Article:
How These 4 Tech Giants Are Resolving Their China Challenges
Any company doing business in mainland China faces challenges.
Such challenges include, according to the Global Association of Risk Professionals: relationship building, the role of respect, widespread tax evasion, weak internal controls and use of third-party agents.
Here are four major corporations that have made headway in dealing with some of the challenges they have faced doing business in China.
The relationship between search engine giant Google Inc (NASDAQ: GOOG) (NASDAQ: GOOGL) and the Chinese government in Beijing has been troubled at best, mostly related to the issue of Internet censorship by the Chinese government.
With multiple Android app providers already entrenched in the country, the move would not be an easy one, but according to people who spoke with The Wall Street Journal, Google could likely ease the load somewhat by collaborating with a Chinese company.
The same sources also added that a partnership could help alleviate some of the censorship issues Google has faced in China.
Partnership has become one path to doing business in China for Apple Inc. (NASDAQ: AAPL) as well. The company said in November that it had struck a deal with Union Pay, China’s most popular credit and debit card system to allow Chinese customers to purchase Apple digital goods on Apple’s App Store.
Timing can also play a part in success. With China Mobile Ltd.’s 4G user base experiencing growth, Apple’s recently introduced iPhone 6 and 6 Plus couldn’t have come at a better time to take advantage of China Mobile’s 54.5 million 4G subscribers.
More importantly, Apple’s decision to partner with China Mobile in 2013 to bring the iPhone to China Mobile’s retail stores ensured the company would have a popular offering for its 4G network once it was widely available.
Sometimes, “paying the piper” is the best course of action. Such was the case for Microsoft Corporation (NASDAQ: MSFT) when it (allegedly) agreed to pay China $140 million in back taxes in November of this year.
The tax problem came at the same time Microsoft was already under investigation by antitrust regulators in China.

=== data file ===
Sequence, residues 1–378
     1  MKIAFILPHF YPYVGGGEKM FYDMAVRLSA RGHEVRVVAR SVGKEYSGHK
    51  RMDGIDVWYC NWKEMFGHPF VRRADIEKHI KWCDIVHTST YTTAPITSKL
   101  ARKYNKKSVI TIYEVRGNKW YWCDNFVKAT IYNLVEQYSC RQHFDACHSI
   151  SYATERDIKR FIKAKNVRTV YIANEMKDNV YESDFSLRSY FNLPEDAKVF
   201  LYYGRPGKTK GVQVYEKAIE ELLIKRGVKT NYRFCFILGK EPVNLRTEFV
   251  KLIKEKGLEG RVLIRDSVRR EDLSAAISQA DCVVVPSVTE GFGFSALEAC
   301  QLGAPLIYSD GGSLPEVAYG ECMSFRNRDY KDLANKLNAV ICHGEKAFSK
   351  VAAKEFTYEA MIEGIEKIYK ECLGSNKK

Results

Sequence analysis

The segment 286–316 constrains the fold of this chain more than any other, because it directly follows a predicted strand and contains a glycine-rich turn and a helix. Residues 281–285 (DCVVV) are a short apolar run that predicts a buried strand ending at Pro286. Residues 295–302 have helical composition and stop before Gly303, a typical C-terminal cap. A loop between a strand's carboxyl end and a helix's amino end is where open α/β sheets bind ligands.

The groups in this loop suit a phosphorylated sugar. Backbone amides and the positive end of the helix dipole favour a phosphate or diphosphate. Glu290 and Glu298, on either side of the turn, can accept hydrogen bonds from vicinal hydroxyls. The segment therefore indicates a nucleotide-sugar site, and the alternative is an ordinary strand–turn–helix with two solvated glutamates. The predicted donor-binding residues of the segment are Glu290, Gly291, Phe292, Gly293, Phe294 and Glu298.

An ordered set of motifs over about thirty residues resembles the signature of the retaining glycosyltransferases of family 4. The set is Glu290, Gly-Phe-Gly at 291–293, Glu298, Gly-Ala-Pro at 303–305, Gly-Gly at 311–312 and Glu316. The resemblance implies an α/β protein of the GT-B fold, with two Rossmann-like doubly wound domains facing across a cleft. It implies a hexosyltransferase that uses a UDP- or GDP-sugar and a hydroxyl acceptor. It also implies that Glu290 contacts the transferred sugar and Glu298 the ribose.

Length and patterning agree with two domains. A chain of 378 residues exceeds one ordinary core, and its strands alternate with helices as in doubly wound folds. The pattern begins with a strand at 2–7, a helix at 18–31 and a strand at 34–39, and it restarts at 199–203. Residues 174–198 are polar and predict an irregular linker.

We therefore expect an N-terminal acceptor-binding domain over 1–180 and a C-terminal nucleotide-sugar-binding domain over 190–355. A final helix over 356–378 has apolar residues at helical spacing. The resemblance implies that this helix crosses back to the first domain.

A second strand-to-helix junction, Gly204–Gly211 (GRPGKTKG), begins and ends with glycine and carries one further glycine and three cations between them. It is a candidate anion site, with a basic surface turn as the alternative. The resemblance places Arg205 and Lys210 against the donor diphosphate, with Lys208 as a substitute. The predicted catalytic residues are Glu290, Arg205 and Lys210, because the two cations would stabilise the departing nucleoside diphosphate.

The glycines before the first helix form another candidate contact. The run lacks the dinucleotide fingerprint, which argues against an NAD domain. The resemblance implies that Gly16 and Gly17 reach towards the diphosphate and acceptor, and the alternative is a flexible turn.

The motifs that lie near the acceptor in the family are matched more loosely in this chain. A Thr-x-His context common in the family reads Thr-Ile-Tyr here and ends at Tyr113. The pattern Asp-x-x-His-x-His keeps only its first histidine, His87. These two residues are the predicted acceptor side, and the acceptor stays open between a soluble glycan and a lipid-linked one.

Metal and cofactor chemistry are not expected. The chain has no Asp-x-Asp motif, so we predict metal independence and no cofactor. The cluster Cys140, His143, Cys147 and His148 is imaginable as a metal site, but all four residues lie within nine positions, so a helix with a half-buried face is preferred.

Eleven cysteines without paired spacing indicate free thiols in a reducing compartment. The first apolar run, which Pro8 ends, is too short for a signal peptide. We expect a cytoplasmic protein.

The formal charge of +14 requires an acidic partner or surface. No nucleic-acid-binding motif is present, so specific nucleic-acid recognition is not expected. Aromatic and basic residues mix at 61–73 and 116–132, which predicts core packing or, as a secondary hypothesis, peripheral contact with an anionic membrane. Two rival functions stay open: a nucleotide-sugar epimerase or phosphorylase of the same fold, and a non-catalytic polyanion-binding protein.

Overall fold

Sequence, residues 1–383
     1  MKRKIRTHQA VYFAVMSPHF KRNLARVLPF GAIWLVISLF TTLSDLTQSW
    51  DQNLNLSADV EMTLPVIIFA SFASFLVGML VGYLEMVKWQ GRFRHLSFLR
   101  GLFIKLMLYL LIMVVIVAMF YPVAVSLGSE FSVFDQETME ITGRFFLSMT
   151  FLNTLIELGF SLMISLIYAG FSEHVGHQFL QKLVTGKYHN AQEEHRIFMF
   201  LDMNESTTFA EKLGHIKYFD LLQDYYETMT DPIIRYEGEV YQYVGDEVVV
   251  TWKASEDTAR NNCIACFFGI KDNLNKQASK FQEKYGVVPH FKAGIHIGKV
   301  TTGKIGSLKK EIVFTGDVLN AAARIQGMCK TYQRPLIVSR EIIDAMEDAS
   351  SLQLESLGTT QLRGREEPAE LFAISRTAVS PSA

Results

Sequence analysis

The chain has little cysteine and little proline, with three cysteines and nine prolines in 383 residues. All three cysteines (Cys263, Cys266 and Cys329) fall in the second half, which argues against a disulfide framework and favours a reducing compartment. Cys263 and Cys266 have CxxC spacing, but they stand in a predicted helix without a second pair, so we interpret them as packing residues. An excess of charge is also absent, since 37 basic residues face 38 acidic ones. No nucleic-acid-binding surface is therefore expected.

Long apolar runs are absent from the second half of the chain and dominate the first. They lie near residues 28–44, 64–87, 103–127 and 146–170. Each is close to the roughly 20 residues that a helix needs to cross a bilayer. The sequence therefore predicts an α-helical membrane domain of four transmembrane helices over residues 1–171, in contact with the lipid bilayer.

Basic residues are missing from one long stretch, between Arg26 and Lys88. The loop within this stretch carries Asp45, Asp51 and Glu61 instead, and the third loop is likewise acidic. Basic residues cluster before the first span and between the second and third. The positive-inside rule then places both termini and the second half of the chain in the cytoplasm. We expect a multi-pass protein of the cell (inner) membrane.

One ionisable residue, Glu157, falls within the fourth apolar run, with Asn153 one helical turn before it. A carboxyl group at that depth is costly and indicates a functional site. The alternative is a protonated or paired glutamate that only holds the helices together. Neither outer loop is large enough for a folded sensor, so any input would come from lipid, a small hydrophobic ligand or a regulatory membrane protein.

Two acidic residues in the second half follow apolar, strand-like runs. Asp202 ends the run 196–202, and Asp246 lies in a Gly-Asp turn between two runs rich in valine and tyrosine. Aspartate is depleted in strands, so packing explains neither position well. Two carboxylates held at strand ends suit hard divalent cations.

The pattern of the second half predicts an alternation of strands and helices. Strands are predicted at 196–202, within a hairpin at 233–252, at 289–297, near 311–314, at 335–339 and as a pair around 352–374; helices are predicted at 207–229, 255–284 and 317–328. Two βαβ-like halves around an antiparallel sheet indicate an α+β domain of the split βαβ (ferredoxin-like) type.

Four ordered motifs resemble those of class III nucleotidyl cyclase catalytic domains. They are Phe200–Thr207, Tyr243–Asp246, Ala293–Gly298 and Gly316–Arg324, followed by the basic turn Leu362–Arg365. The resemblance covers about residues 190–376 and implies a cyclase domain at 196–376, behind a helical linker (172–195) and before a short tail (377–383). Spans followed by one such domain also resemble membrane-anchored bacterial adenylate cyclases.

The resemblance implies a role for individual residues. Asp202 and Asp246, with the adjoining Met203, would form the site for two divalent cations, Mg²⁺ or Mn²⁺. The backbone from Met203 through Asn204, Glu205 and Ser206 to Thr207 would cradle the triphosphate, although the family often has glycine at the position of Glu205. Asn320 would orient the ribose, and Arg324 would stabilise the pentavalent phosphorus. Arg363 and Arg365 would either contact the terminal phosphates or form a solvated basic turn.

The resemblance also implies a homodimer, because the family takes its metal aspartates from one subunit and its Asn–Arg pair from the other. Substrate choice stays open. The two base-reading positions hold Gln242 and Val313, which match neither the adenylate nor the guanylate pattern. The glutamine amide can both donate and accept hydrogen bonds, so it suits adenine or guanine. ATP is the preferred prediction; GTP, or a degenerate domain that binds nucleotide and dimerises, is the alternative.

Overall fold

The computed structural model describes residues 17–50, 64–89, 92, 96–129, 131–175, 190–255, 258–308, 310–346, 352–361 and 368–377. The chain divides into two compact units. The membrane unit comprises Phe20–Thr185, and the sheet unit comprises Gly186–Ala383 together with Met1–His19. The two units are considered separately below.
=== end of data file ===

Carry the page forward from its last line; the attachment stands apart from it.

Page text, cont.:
The U.S. government can also be a big help when it comes to corporate dealings with China. Early in November, the Obama administration and China reached agreement on a tariff deal that would cut technology-based tariffs, which can raise the price of items such as Microsoft’s Xbox 50 percent over the price in the United States.
When it comes to piracy, long considered Microsoft’s biggest problem in China, Microsoft has enlisted the aid of various states’ attorneys general by trying to convince them that Chinese piracy costs jobs in their states.
Whether the tactic would work remained to be seen since many believe Microsoft’s real problem isn’t piracy, but rather mobile and cloud computing.
In July, International Business Machines Corp. (NYSE: IBM) cited China’s economic reforms and IBM execution issues as prime drivers of the company’s decline in that country.
IBM sold its supercomputer business to Chinese computer company, Lenovo Group in 2014. Chinese hackers in September broke into the U.S. National Weather Service computers, potentially wreaking havoc since the computers used would be made in China.
The potential for espionage and other mischief coming from China has been a long-standing issue. IBM’s solution, in this case, was to wade in and help Lenovo with future sales by ensuring the integrity of computer systems it used to build.
At the time of this writing, Jim Probasco had no position in any mentioned securities.
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